Defending the Art Buyer

by Heather on August 3, 2009

Y’all have been gentle in your criticism of the Art Buyer but it still seems that the responsibility for improving the unique quality of your work has landed back in my lap. (I am referring, of course, to the fantastic discussion in response to Myles’ ubiquitousness post- specifically the idea that Art Buyers need to take more risks.)

Let me tell you a bit more about Art Buying as it pertains to awarding work:

1. I don’t know an Art Buyer who wouldn’t want to be responsible for breaking a new and exciting photography style. We all want to introduce a new imagemaker into the fray.

2. While I don’t think we are frustrated/failed artists (those are the Art Directors), our sympathies lean to the expressive, the new, the unique. This was something that I struggled with when I started in this role. I wanted every campaign to show something vibrant and exciting. As I became more senior, I realized that just because the work was novel, didn’t make it right for the client, or, better put, for the demographic.

3. Normally, an Art Buyer’s participation in a project starts with this question: “Who can best execute this concept.” Rarely does it start with this question: “How can Client X use innovative photography to improve their brand.” Don’t get me wrong, I like I love this question, I just don’t normally have the luxury of indulging it.

4. There are many decision-makers involved, either directly or indirectly, in choosing the right look for a campaign. Players include, at the Brand stage: Designer (both with the agency and the client), Creative Director and Client Brand Manager. At the Campaign stage, Art Director and Marketing Client. An Art Buyer is part of this process but by no means is she the last word.

Recently, I had the luxury of leading an audit of Bell’s lifestyle photography. At every point, I had to be true to the brand guidelines of what a Bell Ad needed to express. This wasn’t something I could change, merely something I had to interpret in the best way possible.

As Lead Art Buyer for Bell, I became a Brand partner- I had enormous opportunity to understand and shape the way photography might enliven the platform. Rarely is an AB able to work so closely to the brand and fight for a particular approach to photography, building the photography look and feel from the ground up. Needless to say, it was a fantastically complex and enlightening process.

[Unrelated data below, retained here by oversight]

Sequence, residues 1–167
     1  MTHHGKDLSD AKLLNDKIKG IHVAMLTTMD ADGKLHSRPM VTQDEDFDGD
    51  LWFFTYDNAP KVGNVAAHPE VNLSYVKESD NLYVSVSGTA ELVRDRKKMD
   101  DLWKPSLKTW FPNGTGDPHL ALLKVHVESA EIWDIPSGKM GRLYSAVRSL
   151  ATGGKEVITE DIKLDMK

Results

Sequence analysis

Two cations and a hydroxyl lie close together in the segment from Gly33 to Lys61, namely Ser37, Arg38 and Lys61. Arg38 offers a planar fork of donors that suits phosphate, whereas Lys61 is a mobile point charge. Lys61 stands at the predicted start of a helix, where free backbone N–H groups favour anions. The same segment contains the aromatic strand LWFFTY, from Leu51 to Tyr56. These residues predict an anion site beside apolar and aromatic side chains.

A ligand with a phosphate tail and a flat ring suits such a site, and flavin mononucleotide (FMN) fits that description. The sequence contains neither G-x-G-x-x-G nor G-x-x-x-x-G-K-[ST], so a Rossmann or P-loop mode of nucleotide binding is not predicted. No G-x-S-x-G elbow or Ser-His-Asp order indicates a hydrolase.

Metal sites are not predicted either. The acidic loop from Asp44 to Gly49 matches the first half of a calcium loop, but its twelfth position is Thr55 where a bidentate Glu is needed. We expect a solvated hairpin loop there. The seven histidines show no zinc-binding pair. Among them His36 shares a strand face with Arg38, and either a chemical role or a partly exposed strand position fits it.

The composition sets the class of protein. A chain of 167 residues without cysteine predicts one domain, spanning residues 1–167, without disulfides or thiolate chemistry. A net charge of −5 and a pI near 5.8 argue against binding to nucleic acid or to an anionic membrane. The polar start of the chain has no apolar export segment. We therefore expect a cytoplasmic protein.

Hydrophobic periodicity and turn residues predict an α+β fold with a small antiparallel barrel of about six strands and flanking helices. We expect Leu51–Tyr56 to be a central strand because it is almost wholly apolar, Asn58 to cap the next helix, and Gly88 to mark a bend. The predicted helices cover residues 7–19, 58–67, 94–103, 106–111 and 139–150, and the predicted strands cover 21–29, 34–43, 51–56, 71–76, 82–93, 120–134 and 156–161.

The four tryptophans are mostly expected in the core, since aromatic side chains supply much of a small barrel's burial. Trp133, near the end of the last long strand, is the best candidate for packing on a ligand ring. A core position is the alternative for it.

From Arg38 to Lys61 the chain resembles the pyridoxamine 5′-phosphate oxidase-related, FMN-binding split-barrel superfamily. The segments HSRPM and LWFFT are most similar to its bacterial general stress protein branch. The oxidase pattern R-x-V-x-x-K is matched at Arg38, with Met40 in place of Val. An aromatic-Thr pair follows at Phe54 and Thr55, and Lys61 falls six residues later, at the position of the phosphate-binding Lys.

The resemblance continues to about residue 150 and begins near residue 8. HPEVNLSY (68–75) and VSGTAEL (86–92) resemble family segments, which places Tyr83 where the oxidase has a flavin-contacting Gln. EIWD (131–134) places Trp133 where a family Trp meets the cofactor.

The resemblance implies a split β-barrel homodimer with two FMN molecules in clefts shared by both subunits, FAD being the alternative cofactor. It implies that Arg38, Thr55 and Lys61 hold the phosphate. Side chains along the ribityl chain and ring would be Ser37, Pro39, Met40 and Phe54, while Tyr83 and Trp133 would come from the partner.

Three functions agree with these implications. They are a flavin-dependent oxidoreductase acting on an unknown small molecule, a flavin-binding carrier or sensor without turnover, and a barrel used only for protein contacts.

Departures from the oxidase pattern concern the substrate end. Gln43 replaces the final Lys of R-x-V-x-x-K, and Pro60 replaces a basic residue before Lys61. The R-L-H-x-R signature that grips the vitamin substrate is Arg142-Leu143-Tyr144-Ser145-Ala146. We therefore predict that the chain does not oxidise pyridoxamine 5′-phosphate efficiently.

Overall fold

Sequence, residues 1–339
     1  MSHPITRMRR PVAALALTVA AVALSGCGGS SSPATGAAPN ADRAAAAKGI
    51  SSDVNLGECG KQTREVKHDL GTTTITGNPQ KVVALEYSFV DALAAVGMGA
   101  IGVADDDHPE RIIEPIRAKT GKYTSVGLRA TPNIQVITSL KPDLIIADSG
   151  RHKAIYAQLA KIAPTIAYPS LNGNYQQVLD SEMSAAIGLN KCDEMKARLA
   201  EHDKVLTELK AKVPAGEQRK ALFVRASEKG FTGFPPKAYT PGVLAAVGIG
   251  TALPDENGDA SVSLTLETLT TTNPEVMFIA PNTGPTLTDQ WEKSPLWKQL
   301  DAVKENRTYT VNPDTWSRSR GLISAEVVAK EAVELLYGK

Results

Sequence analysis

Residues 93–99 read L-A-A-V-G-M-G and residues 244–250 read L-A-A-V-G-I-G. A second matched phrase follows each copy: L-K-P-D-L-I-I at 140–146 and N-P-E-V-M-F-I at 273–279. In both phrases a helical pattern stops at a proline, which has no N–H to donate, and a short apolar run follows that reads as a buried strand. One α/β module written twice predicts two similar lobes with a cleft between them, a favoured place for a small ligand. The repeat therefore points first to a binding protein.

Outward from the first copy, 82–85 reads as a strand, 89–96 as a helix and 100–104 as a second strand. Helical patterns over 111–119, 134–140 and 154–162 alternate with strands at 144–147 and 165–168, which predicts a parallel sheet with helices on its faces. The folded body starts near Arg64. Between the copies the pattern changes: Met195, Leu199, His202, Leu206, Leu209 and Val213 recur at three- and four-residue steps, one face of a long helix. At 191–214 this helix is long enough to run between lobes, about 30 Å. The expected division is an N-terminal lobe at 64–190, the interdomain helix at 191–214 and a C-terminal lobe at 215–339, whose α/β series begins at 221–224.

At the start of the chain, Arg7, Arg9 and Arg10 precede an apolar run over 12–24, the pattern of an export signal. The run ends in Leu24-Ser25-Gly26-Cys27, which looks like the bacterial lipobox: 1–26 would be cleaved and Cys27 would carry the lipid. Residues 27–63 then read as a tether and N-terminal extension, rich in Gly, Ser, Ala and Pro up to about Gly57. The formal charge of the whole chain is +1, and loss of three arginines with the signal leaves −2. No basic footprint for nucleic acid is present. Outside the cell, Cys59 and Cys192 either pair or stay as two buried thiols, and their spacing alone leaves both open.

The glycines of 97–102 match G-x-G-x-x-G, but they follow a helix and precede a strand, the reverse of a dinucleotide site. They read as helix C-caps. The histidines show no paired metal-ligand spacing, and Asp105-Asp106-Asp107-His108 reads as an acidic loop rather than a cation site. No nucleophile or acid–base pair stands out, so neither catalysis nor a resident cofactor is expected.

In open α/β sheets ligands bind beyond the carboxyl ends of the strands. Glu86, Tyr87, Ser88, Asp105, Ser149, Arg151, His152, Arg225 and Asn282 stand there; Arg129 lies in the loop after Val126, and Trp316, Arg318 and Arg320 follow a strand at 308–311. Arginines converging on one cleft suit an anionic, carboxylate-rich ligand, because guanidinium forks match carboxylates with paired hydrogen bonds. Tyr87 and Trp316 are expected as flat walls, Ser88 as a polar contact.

Aric Rist, Global Brand Photography Manger for Nike puts it this way (as heard as part of Adbase’s Art Buyer’s Lounge series): “We understand the brand message for each category, we see the long term plan.” Nevertheless, when he talks about sourcing photographers, he still privileges photographers who understand the importance of “having a voice and being able to present that confidently, bringing something new to the table”

5. Let’s be clear: my job isn’t to “fight for the photographer”. My job is to fight for the best expression possible for the brand. Happily, sometimes these things coincide.

Take a chance on a new shooter? Yes, I’ll take that challenge/criticism.

Take a chance on a new style? That’s not entirely up to me. It’s something I can suggest, if I think it’s right for the client but not just for novelty’s sake.

Let me end by saying that I love the idea of Art Buyer as Mentor as Joel suggested in his comment. An Art Buyer can and should (when appropriate) bring young photographers along, nudging their vision in the direction of her client, encouraging both parties to meet in the middle. Let’s do it.

Next up: Images, pre-post.

{ 9 comments… read them below or add one }

Jacqueline Bovaird August 4, 2009 at 5:17 pm

Great post and wonderful insight. Thanks Heather!

Ralph Mennemeyer August 4, 2009 at 5:56 pm

I don’t know Heather – but I certainly think she nailed it and could be any of 1000 Ab’s out there who struggle every day with the challenge of their jobs. Both sides of the desk are hard – photographers with vision want their work to be seen (and frankly want/need to make a living) – and AB’s want to help their client stand out. But standing out comes in many forms and most often it’s a good idea (did I say most often…maybe that should be more like every once in a while) and not just the “style” of a photograph. We have all seen the “crunchy photo look” over done for a while now and it doesn’t make a bad idea good…it just makes it look more common at this point. I think everybody is ready for something new. And it’s likely already out there because I can testify that the current trend of post-production altered images was being kicked around the agencies for several years before it really caught fire….and when it did it came more from the editorial world where they have more freedom and less money riding on every image. (That and two good agents sweated blood to help get it noticed in the right places.) AB’s are frankly fighting for their lives in some shops now as “motion content” takes on greater signifcance and the role of the print producer is being re-examend. (Shooting with the “Red Camera” yet?) Rather than carping about the lack of support for change from Heather and her ilk…(trust me change is coming and a lot faster than some of us may think) photographers would be better served to step up and get in the game with better story telling abilities be it in a single shot or 30 seconds worth of video. After all – who is most responsible for everything looking the same but the lemming like artists who are producing it? Do GREAT work and it will find an audience…especially in this world of instant access…. In the mean time cut the AB’s a break – most are decent people with a tough job.